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Social/UGC products are uniquely difficult marketplaces

Social/user-generated content (UGC) products like Instagram, Twitter, or TikTok are a type of marketplace: creators are suppliers of content for consumers. In most marketplaces, suppliers are trying to maximize revenue, but in social/UGC suppliers have many different motivations: some want to maximize audience, while others simply want to share with their family or friends. Different motivations require different incentives, some of which compete or conflict with each other. This makes social/UGC a uniquely hard type of marketplace to build.

Marketplaces work by aggregating suppliers and consumers into the same space. Suppliers have incentive to use the marketplace because the consumers are there and vice versa. Marketplaces typically grow by incentivizing suppliers or consumers to use the marketplace more. Increased usage from one side of the market often leads to increased usage from the other side as well. Incentive design is thus a major activity taken on by organizations that run marketplaces; it’s one of the most effective ways to grow.

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The surprising impact of reducing batch size

“Ship fast” is among the oldest and most common pieces of software wisdom, getting repackaged over the years into Agile, the Lean Startup Method, or move fast and break things. It’s advice so trite that doesn’t even seem worth discussing, but I’ve been continually surprised at just how impactful it can be, specifically when you focus on reducing batch size.

A batch of work is a unit of work that gets shipped to customers. It could be a single copy tweak or a whole new feature; what matters is the end-to-end time from idea to production. Reducing it just means including fewer changes in that batch, not cutting out key parts of the product development process like UI polish, code quality, or QA.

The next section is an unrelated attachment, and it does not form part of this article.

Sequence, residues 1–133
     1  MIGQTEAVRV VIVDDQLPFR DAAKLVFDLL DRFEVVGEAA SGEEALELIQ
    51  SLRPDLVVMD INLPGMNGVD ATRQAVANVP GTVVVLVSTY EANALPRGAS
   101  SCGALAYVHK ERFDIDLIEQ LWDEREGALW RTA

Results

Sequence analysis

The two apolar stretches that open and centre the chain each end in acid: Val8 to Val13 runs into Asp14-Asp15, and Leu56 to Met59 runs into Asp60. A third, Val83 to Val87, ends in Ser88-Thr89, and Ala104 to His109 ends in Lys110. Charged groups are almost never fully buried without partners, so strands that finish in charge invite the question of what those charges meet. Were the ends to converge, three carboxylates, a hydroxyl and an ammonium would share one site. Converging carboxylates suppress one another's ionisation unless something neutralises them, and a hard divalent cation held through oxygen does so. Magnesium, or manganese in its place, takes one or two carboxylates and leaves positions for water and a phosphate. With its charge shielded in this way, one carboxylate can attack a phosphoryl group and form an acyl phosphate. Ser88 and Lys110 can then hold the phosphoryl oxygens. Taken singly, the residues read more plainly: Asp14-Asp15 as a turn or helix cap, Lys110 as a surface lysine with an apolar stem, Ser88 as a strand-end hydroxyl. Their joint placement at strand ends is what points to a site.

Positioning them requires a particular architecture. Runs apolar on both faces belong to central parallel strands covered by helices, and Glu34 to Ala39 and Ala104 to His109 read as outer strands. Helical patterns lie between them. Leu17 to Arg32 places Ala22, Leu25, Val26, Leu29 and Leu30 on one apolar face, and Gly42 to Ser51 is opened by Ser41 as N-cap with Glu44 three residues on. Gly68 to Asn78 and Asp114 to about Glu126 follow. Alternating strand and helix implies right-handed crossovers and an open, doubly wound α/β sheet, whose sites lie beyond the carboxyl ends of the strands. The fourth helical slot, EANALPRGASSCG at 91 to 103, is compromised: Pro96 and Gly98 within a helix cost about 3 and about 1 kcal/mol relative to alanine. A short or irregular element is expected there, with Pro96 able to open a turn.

At first blush, large batches might not seem like a problem. If you’re going the process is the same, what’s the difference between shipping feature X and Y together versus just feature X? I felt that way when I started working at Quora and was confused when I saw so much emphasis put into reducing batch size. But I was mistaken: there are a shocking number of benefits to reducing batch size, and I now think it’s one of the most important principles for shipping high-quality software quickly.

What makes small batches so impactful? The best explanation I’ve found comes from The Principles of Product Development Flow, a dense but great read on effective product development practices:

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Complexity can’t be removed, only moved around

A frequent goal in product design is to try and “make it simple”, which often manifests as removing product complexity for the end-user (e.g. removing steps from a flow). This may seem like it’s removing complexity, but in practice it’s usually moving the complexity to a different place – either onto the system, the organization that runs that system, other users, etc. Moving that complexity can still be the right decision, but it’s important to recognize that it’s not being removed altogether: it’s just somewhere else, with different tradeoffs that might be better or worse depending on the context.

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Users will satisfice